Twin Cities: homespun and cosmopolitan
The GOP National Convention opens in a place reflecting the nation’s enduring agrarian myth ... with skyscrapers.
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In downtown St. Paul or Minneapolis, they dine at the tables of award-winning chefs. Here at the fair, they down fried everything on a stick and tons of sugar.Skip to next paragraph
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Before meeting a friend for lunch, Cary Giese wandered into the Minnesota Republican Party’s booth. He was wearing an “Obama ’08” T-shirt, but he wasn’t lost. He wanted a campaign button boasting: “Time for a real hero/McCain.”
It was a peace offering for his friend, said Mr. Giese who lives in a suburb near Lake Minnetonka, one of the largest of the state’s more than 10,000 lakes. They were sure to argue politics, and the gift would help keep things civil.
The McCain button cost 50 cents; down the street, Obama buttons were going for $3. Giese quipped that it was “value pricing.”
The Republicans gave him a reception. They had bigger things in mind with Governor Pawlenty on Sen. John McCain’s shortlist of potential running mates. If anyone had inside information about Pawlenty’s prospects, they weren’t sharing it.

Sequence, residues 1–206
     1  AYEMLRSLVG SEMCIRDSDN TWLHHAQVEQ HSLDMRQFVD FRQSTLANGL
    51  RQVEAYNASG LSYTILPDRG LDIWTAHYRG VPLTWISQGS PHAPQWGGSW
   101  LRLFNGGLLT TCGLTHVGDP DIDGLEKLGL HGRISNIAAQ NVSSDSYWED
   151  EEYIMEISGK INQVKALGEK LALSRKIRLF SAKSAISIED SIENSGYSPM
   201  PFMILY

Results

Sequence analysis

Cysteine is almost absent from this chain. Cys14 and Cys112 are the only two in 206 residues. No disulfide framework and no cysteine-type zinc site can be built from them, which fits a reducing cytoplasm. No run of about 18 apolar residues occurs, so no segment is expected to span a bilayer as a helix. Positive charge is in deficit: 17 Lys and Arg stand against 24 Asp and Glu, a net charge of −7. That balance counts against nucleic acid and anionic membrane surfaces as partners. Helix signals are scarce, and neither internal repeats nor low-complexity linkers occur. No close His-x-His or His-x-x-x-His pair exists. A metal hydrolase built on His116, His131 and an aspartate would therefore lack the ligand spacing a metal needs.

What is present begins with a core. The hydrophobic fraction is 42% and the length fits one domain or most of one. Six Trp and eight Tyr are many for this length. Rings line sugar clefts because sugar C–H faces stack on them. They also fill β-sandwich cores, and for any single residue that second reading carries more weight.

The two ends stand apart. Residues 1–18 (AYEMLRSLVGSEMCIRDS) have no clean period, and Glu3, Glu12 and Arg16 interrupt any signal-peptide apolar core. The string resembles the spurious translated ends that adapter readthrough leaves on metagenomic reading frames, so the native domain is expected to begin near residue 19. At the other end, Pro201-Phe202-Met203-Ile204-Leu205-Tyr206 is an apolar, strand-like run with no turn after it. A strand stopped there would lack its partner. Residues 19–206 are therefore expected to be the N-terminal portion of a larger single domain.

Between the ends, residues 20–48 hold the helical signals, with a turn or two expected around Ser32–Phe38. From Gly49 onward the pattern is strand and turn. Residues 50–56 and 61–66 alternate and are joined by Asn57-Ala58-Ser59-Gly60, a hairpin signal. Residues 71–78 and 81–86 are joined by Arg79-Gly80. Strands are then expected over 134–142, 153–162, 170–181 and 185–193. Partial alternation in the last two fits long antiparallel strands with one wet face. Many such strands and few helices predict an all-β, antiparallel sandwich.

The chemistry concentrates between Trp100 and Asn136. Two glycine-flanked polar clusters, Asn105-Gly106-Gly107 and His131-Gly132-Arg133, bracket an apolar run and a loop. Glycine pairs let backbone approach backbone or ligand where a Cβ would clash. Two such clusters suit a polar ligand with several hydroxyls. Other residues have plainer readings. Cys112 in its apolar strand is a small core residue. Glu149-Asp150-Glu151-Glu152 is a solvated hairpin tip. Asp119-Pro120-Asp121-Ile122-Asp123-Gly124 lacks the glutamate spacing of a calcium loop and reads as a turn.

State’s major political figures
Giese has met two vice presidents at the fair: Minnesotans Hubert Humphrey and Walter Mondale. He has met every senator in recent state history and most of the governors.
State fair appearances are mandatory for politicians. It’s where the people are – more than 1.6 million a year.
“I miss you on Air America radio,” said Dorothy Johnson who lives in Los Angeles but comes back for the fair. “What happened?” “Ohhhh, I decided to run for Senate,” Mr. Franken deadpanned. He’s the Democrat’s challenger to Republican incumbent Sen. Norm Coleman.
As love for the fair shows, the Twin Cities is more connected to rural regions than most other metro areas. Take their major league teams. The Republicans will convene in the home of the Minnesota Wild Hockey Club – not the St. Paul Wild. Likewise, the Twins, Vikings, and Timberwolves use the state name rather than Minneapolis where they play.
That sense of community is reflected in the politics, said Dane Smith, who covered politics for 30 years for local newspapers and now is president of the Center for Growth & Justice, an economic think tank in St. Paul.
While much of America venerated the notion of individual competition, the Scandinavians and Germans who settled the Twin Cities brought “cooperative rather than competitive models,” Mr. Smith said. As pioneers in an isolated place, they needed each other.
“There has always been a consensus in terms of the commonwealth and pulling together,” Smith said.